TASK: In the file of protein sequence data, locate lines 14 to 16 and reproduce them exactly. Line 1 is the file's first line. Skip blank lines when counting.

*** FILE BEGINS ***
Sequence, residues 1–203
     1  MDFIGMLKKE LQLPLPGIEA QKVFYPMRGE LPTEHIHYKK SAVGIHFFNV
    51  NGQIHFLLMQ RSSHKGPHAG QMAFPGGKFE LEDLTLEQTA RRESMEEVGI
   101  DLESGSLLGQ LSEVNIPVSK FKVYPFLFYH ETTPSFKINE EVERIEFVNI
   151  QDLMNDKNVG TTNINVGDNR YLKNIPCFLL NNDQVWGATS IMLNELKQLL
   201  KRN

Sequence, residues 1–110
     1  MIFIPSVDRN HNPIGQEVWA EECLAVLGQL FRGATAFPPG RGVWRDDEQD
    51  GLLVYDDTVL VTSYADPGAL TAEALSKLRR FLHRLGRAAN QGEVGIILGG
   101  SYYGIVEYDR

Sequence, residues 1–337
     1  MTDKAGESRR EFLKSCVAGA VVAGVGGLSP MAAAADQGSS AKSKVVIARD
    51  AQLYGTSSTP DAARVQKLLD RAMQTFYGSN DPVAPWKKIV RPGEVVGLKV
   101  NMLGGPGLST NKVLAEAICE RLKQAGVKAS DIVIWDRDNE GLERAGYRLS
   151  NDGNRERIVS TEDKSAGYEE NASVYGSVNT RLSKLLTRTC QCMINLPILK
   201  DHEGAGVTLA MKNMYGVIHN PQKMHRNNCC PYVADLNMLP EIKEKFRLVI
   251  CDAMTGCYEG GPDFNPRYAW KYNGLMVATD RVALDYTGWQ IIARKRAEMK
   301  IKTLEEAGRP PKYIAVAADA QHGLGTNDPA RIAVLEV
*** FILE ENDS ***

   101  NMLGGPGLST NKVLAEAICE RLKQAGVKAS DIVIWDRDNE GLERAGYRLS
   151  NDGNRERIVS TEDKSAGYEE NASVYGSVNT RLSKLLTRTC QCMINLPILK
   201  DHEGAGVTLA MKNMYGVIHN PQKMHRNNCC PYVADLNMLP EIKEKFRLVI